Endoscopic full thickness resection in the GI tract
The gastointestinal (GI) tract is a part of your body that includes your food pipe (oesophagus), stomach, small bowel, liver, pancreas and large bowel (colon).
Any lesions (abnormal or damaged cells), polyps (small growths) and specific tumours in the GI tract need to be removed. This can be done by a procedure called an endoscopic full-thickness resection (EFTR) by using a full-thickness resection device (FTRD).
The term ‘resection’ means removal and ‘full-thickness’ refers to how much of the gastrointestinal wall is removed.
This procedure is carried out using an endoscope, which is a flexible, tube-like instrument, and this procedure reduces the need to have surgery.
An EFTR can be done using conscious sedation, which is medicine that makes you relaxed and sometimes sleepy, but does not put you to sleep. Or it might be under general anaesthetic so that you are asleep throughout the procedure. We will discuss this with you in clinic before your procedure.
Diagnosing a lesion
Using EFTR to treat lesions
We can use the EFTR procedure to remove a lesion in the lining of the stomach called a gastrointestinal stromal tumour (GIST). If these tumours are small they do not spread to other parts of the body. We can use the EFTR procedure if the tumour hasn’t spread and we are confident that we can remove all the GIST in one go.
If a polyp has been found deep in the tissue of the bowel but has not spread outside of the bowel, we can use EFTR procedure to remove the polyp.
Benefits of having an EFTR
In the past patients with specific lesions located deep in the wall of the stomach or bowel needed to have surgery to remove them, as an endoscopic procedure could only remove the top layer of the lesion.
Having an EFTR means these specific lesions can be removed without the need for surgery. It also means that, during the procedure, we can use a microscope to examine all the wall layers to make sure all of the affected tissue is removed.
Having an EFTR procedure will:
- remove the whole lesion, polyp or gastrointestinal stromal tumour (GIST)
- remove these lesions without the need for surgery
- remove the need for regular surveillance by CT scan or endoscopic ultrasound
Not everyone is suitable for an EFTR. You can be offered the procedure when:
- you have a lesion or polyp where a very small area is affected, typically less than 18mm
- the tissue is only showing early changes
- you have a GIST tumour, do not want to undergo surveillance or want the lesion removed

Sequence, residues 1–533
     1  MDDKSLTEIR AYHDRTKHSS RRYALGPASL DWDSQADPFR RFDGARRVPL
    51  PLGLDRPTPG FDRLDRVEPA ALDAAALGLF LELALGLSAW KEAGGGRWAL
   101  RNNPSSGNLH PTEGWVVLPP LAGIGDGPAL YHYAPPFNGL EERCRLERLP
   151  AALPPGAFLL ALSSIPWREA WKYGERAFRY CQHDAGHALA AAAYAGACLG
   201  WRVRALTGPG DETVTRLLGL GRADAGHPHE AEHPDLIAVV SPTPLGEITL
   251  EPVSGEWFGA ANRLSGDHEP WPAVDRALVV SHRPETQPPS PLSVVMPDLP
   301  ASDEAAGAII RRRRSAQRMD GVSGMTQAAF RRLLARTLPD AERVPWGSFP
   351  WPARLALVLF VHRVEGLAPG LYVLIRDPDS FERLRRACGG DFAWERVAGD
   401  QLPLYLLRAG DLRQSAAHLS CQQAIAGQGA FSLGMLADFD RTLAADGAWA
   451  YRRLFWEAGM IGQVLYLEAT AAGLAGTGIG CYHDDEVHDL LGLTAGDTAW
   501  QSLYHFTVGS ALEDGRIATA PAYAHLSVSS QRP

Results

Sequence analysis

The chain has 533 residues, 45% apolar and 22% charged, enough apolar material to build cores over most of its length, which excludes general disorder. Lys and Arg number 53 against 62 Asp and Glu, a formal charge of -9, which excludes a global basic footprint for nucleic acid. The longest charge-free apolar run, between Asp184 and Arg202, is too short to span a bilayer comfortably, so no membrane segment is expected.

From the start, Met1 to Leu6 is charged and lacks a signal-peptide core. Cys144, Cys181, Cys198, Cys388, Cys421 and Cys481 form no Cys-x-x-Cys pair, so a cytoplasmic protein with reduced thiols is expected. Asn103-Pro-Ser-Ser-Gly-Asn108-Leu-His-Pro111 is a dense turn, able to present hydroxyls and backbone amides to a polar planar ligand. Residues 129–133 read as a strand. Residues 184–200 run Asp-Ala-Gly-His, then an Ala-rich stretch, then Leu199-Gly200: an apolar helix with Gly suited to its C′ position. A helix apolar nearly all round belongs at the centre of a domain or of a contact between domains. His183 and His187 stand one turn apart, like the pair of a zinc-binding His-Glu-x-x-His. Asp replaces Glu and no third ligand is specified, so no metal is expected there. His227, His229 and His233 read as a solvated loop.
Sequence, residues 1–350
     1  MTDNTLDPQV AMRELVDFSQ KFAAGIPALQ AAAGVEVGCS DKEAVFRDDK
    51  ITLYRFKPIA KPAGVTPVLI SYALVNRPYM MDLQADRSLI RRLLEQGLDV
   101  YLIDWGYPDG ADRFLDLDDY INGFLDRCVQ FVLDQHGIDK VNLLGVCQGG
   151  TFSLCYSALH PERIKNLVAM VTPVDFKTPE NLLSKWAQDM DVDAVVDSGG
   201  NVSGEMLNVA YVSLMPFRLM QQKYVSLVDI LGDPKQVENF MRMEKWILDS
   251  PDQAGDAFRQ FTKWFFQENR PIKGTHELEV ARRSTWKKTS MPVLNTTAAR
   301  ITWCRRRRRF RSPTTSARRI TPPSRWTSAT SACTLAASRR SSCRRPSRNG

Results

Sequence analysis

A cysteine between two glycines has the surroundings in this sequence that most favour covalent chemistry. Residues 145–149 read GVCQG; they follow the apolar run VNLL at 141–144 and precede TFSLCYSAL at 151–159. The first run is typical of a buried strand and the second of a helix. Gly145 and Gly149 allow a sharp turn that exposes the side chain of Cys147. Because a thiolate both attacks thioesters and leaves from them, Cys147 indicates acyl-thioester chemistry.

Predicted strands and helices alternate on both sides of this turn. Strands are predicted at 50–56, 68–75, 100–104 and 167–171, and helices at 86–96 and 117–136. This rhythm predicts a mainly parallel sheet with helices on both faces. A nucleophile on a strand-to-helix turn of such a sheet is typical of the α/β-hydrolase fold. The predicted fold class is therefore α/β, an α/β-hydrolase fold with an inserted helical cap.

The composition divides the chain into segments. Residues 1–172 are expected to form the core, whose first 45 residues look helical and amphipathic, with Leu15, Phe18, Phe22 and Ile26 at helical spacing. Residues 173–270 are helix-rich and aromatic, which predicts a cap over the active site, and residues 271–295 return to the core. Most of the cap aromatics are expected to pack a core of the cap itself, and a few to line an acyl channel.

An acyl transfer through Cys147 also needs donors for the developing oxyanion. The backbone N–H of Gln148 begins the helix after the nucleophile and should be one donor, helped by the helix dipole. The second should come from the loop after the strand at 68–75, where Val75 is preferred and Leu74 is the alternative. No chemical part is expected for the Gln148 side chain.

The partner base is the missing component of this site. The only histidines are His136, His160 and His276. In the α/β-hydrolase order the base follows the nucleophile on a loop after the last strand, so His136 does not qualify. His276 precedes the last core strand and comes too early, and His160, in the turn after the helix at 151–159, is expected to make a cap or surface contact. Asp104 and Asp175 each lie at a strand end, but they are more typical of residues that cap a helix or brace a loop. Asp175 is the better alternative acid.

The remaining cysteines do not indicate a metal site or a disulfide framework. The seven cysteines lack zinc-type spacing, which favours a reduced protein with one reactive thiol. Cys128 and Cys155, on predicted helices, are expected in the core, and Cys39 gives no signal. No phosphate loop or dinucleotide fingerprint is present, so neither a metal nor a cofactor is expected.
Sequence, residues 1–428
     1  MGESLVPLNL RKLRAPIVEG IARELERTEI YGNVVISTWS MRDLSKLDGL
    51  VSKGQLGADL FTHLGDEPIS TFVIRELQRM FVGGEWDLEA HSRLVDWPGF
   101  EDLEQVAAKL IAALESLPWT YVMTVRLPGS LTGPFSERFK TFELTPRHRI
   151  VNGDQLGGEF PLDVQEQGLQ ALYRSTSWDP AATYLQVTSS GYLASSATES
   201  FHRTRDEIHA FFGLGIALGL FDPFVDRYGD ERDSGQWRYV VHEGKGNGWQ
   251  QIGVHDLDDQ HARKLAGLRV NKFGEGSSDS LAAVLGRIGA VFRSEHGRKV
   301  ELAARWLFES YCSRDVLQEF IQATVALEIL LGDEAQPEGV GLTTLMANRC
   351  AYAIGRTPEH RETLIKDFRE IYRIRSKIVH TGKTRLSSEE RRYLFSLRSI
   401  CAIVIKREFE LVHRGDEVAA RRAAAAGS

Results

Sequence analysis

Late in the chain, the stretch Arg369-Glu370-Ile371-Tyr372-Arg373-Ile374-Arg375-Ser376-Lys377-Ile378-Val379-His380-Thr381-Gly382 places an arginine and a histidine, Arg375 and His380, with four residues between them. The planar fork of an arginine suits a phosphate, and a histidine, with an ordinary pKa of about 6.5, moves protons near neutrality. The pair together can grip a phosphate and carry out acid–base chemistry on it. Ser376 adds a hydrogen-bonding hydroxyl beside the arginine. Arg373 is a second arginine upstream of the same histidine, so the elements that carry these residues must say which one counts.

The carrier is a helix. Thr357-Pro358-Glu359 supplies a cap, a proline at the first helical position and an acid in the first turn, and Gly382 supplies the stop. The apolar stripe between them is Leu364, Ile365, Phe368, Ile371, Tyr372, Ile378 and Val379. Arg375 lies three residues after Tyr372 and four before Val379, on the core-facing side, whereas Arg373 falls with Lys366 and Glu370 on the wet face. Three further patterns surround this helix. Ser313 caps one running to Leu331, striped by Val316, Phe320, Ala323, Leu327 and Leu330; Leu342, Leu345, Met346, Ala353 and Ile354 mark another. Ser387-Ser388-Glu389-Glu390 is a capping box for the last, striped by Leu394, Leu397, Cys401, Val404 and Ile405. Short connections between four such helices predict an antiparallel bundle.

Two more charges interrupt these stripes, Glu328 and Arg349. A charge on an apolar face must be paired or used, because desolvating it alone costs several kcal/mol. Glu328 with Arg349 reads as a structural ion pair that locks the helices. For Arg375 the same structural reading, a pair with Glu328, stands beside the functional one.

Your doctor will discuss these risks with you before asking you to sign a consent form.
- Bleeding. This is often minor, but can occasionally mean you need to go to hospital to control the bleeding. This happens in 1 out of every 200 people.
- Hole or tear (perforation) in the stomach or wall of the bowel. This affects about 2 in every 200 people. You would need to go to hospital if this happens. Sometimes, surgery is needed to repair it.
- Pain. It is common to feel chest pain or tummy (abdominal) pain for up to a week after the procedure. Try using your usual pain medicine first. If this does not help, you can ask for a codeine tablet from a pharmacy.
- Scar tissue. This is a risk if a large area of tissue is removed. Scar tissue can narrow the outlet of your stomach depending on where the lesion was removed from. This can cause sickness (vomiting). If this happens, contact your medical team. They will book you in for another gastroscopy so that the narrowing can be stretched. You might also have steroid treatment to help stop the scar tissue from forming.
Giving your permission (consent)
We want to involve you in decisions about your care and treatment. If you decide to go ahead with your procedure or treatment, you will be asked to sign a consent form. This states that you agree to have the treatment and understand what it involves.
If you need more information before signing the consent form, for example if you have questions about recovering after an operation or about side effects of treatment, please speak to a member of staff caring for you.
Other treatment options
The only other treatment is surveillance, or watch and wait.
You will be checked yearly or every 2 years. You will need an endoscopic ultrasound or a CT scan so we can examine the tumour.
Or you may need surgery to cut out the GIST from the affected part of the stomach. This is a major operation where you may need to stay in hospital for some time.
Resource number 5353/VER1
Last reviewed: May 2023
Next review: May 2026